Forum for Science, Industry and Business

Sponsored by:     3M 
Search our Site:

 

Ancient DNA: reconstruction of the biological history of Aldaieta necropolis

08.04.2008
A research team from the Department of Genetics, Physical Anthropology & Animal Physiology in the Faculty of Science and Technology at the Leioa campus of the University of the Basque Country (UPV/EHU), and led by Ms Concepción de la Rúa, has reconstructed the history of the evolution of human population and answered questions about history, using DNA extracted from skeleton remains.

Knowing the history of past populations and answering unresolved questions about them is highly interesting, more so when the information is obtained from the extraction of genetic material from historical remains. An example is the necropolis at Aldaieta (Araba) where some of these mysteries about these peoples have been answered – thanks to the study of their DNA.

Aldaieta brings together certain important features which make this site a prime archaeological and historical record and its conservation an important task of restoration and study. In this vein, the Department of Genetics, Physical Anthropology & Animal Physiology in the Faculty of Science and Technology at the University of the Basque Country (UPV/EHU), has undertaken a study of DNA in the necropolis at Aldaieta (Araba).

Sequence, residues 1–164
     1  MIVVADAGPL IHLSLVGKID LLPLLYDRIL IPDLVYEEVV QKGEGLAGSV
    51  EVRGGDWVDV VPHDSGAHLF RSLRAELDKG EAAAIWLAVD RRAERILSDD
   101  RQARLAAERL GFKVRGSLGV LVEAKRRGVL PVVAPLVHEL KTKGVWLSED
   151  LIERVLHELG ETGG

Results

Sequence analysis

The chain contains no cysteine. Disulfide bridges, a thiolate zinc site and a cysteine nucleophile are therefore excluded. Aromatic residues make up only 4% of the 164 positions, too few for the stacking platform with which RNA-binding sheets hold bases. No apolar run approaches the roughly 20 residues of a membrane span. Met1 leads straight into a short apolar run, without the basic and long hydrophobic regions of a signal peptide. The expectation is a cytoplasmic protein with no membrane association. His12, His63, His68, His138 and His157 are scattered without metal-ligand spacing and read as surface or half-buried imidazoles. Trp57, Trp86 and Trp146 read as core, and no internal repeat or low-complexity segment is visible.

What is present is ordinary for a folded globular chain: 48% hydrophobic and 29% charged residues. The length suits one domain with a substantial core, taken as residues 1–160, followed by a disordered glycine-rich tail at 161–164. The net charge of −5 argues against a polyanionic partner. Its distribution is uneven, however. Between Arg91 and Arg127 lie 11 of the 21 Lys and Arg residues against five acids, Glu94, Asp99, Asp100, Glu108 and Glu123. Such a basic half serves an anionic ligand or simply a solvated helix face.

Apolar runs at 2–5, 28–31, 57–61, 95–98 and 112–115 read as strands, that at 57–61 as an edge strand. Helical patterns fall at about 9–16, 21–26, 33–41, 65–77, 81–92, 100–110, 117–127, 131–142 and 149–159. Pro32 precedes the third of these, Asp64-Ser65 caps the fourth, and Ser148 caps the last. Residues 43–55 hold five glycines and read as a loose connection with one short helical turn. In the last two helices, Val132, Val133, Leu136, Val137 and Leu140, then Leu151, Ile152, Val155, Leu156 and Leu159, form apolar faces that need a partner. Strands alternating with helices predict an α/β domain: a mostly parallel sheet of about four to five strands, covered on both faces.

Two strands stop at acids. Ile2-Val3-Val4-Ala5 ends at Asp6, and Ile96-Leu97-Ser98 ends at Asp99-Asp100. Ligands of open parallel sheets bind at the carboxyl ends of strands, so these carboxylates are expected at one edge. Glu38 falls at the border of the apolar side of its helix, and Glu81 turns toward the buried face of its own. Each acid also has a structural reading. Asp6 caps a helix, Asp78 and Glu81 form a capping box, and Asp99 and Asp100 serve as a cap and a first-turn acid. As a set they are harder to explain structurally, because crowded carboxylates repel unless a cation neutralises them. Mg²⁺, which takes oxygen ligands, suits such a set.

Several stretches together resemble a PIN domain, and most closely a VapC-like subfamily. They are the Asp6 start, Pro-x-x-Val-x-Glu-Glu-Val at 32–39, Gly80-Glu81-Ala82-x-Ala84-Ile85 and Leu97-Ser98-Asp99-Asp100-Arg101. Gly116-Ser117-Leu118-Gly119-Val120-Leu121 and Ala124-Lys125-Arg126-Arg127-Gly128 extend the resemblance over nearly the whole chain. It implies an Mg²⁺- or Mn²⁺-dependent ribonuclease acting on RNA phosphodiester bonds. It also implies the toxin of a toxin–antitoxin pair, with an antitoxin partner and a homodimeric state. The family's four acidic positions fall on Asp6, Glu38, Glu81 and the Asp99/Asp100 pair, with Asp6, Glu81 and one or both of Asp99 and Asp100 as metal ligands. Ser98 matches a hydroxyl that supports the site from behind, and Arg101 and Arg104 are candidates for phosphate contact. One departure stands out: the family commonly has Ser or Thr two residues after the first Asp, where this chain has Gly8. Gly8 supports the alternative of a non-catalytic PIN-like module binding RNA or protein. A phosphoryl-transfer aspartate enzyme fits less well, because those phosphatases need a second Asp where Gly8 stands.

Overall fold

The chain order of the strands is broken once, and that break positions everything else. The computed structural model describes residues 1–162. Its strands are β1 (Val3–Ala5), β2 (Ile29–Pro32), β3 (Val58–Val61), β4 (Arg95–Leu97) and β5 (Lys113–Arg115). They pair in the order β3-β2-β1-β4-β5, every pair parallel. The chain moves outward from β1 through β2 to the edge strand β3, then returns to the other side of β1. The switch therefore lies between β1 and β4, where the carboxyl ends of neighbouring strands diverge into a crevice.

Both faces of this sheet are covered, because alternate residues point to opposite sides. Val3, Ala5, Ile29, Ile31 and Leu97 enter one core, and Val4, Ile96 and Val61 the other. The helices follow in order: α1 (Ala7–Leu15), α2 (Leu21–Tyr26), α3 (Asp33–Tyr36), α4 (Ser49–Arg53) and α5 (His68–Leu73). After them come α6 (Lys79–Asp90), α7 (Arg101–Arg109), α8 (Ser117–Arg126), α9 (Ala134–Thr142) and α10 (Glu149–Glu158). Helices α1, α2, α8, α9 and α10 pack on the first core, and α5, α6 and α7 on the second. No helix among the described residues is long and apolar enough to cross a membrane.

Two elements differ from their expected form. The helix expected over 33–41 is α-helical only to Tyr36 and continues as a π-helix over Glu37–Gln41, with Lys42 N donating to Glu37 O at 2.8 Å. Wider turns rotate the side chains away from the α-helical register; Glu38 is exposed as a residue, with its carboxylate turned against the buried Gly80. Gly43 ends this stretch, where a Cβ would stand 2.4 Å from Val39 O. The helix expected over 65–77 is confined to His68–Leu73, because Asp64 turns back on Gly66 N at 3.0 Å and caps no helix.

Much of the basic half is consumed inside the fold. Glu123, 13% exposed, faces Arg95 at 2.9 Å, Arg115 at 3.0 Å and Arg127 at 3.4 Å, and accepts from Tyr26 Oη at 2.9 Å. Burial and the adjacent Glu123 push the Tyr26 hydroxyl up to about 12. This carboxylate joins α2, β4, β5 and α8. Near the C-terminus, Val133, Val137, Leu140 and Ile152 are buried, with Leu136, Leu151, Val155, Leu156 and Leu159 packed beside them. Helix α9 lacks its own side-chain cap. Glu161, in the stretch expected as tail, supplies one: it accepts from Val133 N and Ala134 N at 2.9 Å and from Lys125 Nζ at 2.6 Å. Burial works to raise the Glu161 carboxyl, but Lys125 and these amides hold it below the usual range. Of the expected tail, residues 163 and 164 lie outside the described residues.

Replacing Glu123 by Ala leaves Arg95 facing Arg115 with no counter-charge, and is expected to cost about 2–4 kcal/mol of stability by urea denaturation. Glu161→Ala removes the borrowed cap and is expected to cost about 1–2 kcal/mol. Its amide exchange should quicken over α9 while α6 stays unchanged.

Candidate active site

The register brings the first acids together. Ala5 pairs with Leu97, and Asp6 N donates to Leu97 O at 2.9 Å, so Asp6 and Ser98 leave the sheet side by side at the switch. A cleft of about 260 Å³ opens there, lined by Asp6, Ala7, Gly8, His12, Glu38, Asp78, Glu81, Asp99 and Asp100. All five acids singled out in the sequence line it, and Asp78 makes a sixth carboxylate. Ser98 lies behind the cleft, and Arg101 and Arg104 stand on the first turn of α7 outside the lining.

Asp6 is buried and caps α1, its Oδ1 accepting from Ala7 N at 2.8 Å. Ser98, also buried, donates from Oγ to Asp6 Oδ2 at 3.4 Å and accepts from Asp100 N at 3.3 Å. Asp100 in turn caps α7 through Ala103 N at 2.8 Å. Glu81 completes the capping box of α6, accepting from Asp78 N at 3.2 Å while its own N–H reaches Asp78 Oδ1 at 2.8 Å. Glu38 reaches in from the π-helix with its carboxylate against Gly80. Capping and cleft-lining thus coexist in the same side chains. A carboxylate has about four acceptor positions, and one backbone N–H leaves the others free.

The researchers at the UPV/EHU have been studying the genetic material of ancient remains, extracted both from bones and teeth, in order to interpret the biological and social meaning of this necropolis. The study of ancient DNA is a field in which laboratory work is enormous for a number of reasons. On the one hand, in comparison with modern or current DNA, that extracted from the bones and teeth is quite degraded and is in very small quantities. As a consequence, the risk of contamination is high. This is why, at all times the results obtained have to be authenticate and it has to be demonstrated that they are not due to contamination or handling/manipulation, but have genuinely been obtained from the samples.

... more about:
»Aldaieta »DNA »Genetic »mitochondrial »necropolis »remains

The research work began with the extraction and subsequent analysis of DNA from the ancient remains (normally by the sequencing of mitochondrial DNA, a molecule inherited maternally) of each individual and in duplicate. Moreover, a third copy of the sample from each individual was sent to another laboratory and. finally, they compare all of them in order to distinguish between what is endogenous from what is the result of handling. Obviously, the results obtained from the same sample/individual have to tally in all the analyses in order to be reliable.